Lacyann Dupont August 5, 2019 Fruit
Edward Bagnall Poulton’s strongly Darwinian 1890 book The Colours of Animals, their meaning and use, especially considered in the case of insects argued the case for three aspects of animal coloration that are broadly accepted today but were controversial or wholly new at the time. It strongly supported Darwin’s theory of sexual selection, arguing that the obvious differences between male and female birds such as the Argus pheasant were selected by the females, pointing out that bright male plumage was found only in species ”which court by day” The book introduced the concept of frequency-dependent selection, as when edible mimics are less frequent than the distasteful models whose colors and patterns they copy. In the book, Poulton also coined the term antisemitism for warning coloration, which he identified in widely differing animal groups including mammals (such as the skunk), bees and wasps, beetles, and butterflies.
My earliest memories growing up, were sitting at the breakfast table with my dad, before the sun came out, outlining and coloring the fonts of the newspaper. He would rise at 4am for work and we would sit for an hour before he left…and color together. As an adult.., I carried on the tradition by buying children’s coloring books at the dollar store..and practicing calligraphy as a hobby. When adult coloring books came out in the recent years.., I was ecstatic! I still color early mornings at breakfast rime..and also late nights to wind down. It has helped with my memory recall..as well as with the physical negative effects of thyroid disease, since an early age. Also as an introvert, it helps me to recuperate after a long day of normal kids and stress.
Batesian mimicry was first described by pioneering naturalist Henry W. Bates. When an edible prey animal comes to resemble, even slightly, a distasteful animal, natural selection favors those individuals that even very slightly better resemble the distasteful species. This is because even a small degree of protection reduces prediction and increases the chance that an individual mimic will survive and reproduce. For example, many species of hover fly are colored black and yellow like bees, and are in consequence avoided by birds (and people).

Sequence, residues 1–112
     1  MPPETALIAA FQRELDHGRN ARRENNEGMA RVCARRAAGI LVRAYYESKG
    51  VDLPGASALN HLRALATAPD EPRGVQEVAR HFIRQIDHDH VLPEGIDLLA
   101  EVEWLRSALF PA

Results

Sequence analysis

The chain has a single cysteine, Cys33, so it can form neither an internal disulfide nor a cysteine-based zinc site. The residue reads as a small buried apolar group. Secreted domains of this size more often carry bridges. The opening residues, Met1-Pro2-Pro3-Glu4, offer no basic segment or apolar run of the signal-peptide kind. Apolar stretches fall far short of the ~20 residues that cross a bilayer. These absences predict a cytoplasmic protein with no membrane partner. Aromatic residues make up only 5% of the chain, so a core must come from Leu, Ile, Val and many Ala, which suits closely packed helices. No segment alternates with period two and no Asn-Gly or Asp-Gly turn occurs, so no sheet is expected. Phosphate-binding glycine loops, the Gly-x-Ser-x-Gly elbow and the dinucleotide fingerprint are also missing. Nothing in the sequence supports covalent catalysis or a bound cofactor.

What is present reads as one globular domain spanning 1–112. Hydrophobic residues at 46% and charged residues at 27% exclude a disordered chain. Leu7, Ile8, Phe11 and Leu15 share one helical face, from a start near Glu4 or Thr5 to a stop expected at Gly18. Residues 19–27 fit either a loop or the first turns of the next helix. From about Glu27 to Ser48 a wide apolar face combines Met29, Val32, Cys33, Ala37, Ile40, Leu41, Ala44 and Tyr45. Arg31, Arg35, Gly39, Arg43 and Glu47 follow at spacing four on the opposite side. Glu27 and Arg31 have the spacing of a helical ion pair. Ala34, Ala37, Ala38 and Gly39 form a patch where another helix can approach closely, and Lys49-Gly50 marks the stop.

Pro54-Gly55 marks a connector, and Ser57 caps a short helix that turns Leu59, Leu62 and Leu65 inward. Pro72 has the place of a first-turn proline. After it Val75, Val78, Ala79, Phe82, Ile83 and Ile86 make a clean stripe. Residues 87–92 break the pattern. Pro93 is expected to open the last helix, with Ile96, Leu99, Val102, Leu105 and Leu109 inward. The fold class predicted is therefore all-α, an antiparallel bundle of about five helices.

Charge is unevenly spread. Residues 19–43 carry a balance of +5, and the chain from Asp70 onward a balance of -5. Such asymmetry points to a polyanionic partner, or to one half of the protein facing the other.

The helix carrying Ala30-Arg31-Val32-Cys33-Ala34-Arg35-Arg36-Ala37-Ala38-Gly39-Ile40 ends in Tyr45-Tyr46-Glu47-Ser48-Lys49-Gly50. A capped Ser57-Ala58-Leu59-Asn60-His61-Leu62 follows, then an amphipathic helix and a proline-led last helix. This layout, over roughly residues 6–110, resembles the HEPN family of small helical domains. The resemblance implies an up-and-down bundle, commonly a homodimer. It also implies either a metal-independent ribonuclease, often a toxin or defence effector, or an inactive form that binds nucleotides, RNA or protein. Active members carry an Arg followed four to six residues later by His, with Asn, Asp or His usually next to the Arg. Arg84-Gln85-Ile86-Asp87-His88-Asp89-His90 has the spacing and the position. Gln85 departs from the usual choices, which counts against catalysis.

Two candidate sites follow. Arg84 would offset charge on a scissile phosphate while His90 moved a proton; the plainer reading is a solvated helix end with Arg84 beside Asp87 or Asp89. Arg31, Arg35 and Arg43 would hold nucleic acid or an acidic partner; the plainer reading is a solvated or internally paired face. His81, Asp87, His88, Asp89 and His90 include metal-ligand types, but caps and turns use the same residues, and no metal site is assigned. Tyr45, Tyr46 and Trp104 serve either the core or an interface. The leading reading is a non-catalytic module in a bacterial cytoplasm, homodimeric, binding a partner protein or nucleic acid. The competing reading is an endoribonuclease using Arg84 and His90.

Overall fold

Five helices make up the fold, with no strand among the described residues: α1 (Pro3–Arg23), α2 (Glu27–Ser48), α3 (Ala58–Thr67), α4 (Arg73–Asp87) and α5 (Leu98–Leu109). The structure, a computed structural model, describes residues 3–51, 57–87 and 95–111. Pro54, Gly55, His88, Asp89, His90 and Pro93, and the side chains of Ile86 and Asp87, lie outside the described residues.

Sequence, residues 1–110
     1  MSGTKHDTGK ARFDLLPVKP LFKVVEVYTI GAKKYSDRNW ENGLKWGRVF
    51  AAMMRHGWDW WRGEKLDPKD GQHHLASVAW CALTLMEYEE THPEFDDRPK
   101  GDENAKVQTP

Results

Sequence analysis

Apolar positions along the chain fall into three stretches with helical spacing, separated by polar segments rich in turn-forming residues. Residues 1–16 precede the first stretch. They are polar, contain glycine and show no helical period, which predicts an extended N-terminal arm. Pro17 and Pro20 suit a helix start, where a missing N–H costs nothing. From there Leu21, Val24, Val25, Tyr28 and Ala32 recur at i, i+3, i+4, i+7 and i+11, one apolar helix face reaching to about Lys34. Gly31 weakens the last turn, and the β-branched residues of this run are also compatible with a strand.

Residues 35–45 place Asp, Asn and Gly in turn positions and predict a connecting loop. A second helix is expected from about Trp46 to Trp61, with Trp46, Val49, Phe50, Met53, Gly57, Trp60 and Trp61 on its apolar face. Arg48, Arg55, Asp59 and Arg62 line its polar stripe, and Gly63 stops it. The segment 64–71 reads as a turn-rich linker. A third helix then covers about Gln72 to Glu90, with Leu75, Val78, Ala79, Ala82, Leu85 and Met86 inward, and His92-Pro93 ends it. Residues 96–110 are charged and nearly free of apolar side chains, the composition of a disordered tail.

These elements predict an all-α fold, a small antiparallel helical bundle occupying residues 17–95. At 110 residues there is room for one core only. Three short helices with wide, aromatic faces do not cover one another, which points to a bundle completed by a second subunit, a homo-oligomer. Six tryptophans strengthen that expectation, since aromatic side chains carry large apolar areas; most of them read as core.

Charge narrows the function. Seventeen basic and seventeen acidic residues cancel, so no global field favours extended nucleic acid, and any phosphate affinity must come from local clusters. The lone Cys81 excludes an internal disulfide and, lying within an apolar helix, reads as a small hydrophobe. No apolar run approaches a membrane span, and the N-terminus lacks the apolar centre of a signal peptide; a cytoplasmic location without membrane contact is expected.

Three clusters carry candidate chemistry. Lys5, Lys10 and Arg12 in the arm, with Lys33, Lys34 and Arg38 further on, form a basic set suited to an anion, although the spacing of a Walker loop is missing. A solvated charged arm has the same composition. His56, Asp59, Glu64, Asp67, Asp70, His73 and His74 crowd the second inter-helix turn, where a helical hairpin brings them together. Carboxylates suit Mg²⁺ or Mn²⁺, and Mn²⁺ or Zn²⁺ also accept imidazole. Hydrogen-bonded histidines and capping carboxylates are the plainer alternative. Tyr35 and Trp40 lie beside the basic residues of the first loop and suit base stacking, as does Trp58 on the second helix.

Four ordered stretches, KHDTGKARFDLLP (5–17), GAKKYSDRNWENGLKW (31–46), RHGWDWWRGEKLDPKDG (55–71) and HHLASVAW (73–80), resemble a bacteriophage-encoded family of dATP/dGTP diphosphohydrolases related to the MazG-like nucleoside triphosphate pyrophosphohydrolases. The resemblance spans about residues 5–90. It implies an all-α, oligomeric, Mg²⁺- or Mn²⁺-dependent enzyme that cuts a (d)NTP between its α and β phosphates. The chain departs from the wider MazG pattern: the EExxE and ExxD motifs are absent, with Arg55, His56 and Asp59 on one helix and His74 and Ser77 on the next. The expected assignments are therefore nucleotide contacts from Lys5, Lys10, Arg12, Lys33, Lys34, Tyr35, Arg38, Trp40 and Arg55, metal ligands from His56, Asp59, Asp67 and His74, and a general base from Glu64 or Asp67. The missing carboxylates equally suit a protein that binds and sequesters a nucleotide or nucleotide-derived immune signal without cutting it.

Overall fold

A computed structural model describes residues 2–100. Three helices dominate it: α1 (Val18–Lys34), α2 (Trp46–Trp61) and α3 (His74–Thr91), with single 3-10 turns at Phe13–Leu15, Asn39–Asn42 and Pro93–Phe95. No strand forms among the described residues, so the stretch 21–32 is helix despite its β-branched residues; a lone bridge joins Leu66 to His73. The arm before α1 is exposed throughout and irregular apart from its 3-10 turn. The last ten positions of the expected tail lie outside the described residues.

I’ve colored for as long as I’ve been able to Before adult coloring books I just colored in children’s books or would find or make pictures on my computer But since finding adult books My life has literally been turned around I suffer from severe depression and anxiety Coloring and journalism sometimes are the ONLY way I can get through a day It sometimes has better affects than my actually therapy If I didn’t have my coloring I really don’t know where I would be and that’s the honest truth It’s not always easy for me to open up to others so I’m able to get things out with coloring even friends and family have looked at my pictures and just by the colors they can tell what kind of day I’m having I’m so grateful for Adult Coloring Books!!
Pink, which is a mixture of red and white, physically affects us in a positive way. It is relaxing and warm. It is the only lighter shade of red with it’s own name. Other lighter colors are just light green or light blue. Pink is also psychologically a strong color. It represents the continuity of living beings as well as femininity. It has a deeply soothing effect. Too much pink could be tiring and oppressive. It is not suitable to use too much pink in the rooms of shy and introverted children as this is not an energetic color. It can lead to further withdrawal of this type of children. Pink with lesser undertones of red can be easily used in the rooms of active and energetic children. It evokes feelings of warmth and peace.
Some prey animals such as zebra are marked with high-contrast patterns which possibly help to confuse their predators, such as lions, during a chase. The bold stripes of a herd of running Zebra have been claimed make it difficult for predators to estimate the prey’s speed and direction accurately, or to identify individual animals, giving the prey an improved chance of escape. Since dazzle patterns (such as the Zebra’s stripes) make animals harder to catch when moving, but easier to detect when stationary, there is an evolutionary trade-off between dazzle and camouflage. Another theory is that the zebra’s stripes could provide some protection from flies and biting insects.
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